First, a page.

Enter the neo-creos. Scavenging the scientific literature, they take claims out of context and pretend that everything about evolution is controversial. By keeping in soft focus the basic points about the age of the earth, the succession of organisms, and the relatedness of living things, they preserve the hopes of the faithful that Genesis might be literally true. But it's all a big con. No literalist about the Bible ought to be satisfied, and the academic community ought to protest the sophistry of presenting interesting controversies about the causes of evolution as if they were serious issues about the fact of evolution.

Like all vigorous sciences, evolutionary biology faces open questions. The children of Kansas deserve to know what's genuinely unsettled (and why), just as they deserve to understand what has been established (and how). Neo-creos ought to begin by explaining just what their "creation model" is and exactly what it says about the age of the earth, the succession of organisms, and the relationships of living things. Tactical silences serve neither science nor religion.

Phillip E. Johnson is professor of law at the University of California, Berkeley. He is the author of four books on evolution and its philosophy, including Darwin on Trial (click here to buy the book and here for more on Johnson's work).Philip Kitcher is a professor of philosophy of science at Columbia and the author of Abusing Science: The Case Against Creationism (click here to buy the book).


Last week, the Kansas Board of Education voted to remove evolution from statewide guidelines and to allow individual schools to decide whether and how to include it in their curricula. Should evolution be taught in schools?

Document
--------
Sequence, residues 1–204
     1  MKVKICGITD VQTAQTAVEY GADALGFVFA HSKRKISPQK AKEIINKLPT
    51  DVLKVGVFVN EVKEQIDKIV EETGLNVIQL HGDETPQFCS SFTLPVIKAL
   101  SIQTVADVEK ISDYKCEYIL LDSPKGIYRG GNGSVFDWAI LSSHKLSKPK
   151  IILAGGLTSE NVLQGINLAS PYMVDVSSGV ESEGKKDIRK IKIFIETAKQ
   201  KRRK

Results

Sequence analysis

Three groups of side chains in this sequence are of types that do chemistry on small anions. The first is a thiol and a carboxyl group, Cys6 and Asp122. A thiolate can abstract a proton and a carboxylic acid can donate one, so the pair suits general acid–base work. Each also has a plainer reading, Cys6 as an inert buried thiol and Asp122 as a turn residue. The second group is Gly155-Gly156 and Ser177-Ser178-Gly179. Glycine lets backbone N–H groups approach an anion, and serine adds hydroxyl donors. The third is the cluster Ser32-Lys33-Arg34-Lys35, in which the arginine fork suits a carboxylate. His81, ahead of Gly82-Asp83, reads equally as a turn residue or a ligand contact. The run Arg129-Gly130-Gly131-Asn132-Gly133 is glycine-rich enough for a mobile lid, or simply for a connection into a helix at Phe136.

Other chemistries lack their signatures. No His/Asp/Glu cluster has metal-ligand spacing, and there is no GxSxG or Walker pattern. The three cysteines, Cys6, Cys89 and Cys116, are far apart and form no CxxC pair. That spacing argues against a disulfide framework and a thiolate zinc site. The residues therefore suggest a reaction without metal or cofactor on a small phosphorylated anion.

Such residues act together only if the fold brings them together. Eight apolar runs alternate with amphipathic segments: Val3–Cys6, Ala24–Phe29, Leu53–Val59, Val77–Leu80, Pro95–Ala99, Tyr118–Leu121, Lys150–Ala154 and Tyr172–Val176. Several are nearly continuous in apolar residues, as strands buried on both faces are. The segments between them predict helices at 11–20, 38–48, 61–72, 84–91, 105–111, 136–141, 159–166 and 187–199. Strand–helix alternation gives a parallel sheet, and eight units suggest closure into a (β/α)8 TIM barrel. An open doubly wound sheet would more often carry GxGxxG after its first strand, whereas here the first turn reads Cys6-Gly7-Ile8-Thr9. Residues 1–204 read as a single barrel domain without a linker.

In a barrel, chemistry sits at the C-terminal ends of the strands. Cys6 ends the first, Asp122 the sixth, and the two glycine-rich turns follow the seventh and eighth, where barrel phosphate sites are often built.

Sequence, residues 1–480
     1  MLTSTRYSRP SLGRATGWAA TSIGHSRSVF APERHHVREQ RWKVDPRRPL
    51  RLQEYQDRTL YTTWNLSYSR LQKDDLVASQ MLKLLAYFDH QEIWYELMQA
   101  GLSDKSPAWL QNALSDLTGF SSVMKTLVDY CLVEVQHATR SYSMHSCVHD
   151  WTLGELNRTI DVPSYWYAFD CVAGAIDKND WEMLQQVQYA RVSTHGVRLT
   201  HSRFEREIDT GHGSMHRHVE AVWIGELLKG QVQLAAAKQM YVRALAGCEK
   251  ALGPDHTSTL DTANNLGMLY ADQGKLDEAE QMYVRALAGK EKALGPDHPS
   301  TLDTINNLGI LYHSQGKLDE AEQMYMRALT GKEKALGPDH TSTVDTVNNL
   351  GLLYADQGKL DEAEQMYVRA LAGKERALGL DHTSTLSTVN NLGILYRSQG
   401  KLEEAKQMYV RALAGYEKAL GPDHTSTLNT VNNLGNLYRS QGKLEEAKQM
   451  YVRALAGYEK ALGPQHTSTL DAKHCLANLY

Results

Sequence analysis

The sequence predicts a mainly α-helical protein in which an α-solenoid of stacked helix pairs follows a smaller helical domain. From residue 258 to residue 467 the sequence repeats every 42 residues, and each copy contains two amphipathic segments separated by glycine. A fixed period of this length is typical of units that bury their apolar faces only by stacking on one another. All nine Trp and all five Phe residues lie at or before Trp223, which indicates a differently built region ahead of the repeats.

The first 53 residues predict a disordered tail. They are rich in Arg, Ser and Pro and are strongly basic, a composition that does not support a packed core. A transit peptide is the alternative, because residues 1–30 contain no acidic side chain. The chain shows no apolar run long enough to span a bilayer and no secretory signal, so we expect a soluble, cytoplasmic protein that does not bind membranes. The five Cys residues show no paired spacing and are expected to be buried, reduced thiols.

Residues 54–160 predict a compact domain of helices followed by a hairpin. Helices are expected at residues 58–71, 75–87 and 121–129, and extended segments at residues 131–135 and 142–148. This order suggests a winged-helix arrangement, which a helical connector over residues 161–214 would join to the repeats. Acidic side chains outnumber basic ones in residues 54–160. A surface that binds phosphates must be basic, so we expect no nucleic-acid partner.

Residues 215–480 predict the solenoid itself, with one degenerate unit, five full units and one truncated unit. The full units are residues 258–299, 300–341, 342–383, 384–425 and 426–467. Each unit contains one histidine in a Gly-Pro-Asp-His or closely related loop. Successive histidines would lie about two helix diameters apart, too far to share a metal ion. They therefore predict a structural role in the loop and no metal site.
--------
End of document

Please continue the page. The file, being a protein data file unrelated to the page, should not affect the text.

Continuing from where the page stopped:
To confirmed believers in evolution, the question itself is upsetting. The Darwinian model of evolution is the cornerstone of modern biology. Critics say that failing to teach children about evolution would leave them ignorant and unprepared. (In this week's Time magazine, Stephen Jay Gould calls the Kansas decision the "latest episode in the long, sad history of American anti-intellectualism.") Furthermore, religious groups should not be allowed to edit the curricula of secular, First Amendment-protected schools to suit their particular beliefs.

Opponents of teaching evolution argue that it conflicts with faith-based belief in the origin of humankind. Teaching children to believe only in what is quantifiable and measurable crowds out their openness to religious faith. The Kansas creationists also argued that recent scientific research casts doubt on the validity of evolutionary theory, and thus opens the debate to religious explanations. "Creationism is as good a hypothesis as any for how the universe began," wrote the Topeka Capital-Journal in an editorial.

How do scientific critiques of evolution differ from faith-based ones? Are scientists just as stubborn as religious conservatives in their insistence on one explanation for the origin of humans? In 1987, the Supreme Court ruled that the teaching of "creation science" violated the separation of church and state. Does the Kansas approach do the same thing? And is evolution a theory or a fact?

This week, Phillip E. Johnson and Philip Kitcher discuss these and other issues.

--Jodi Kantor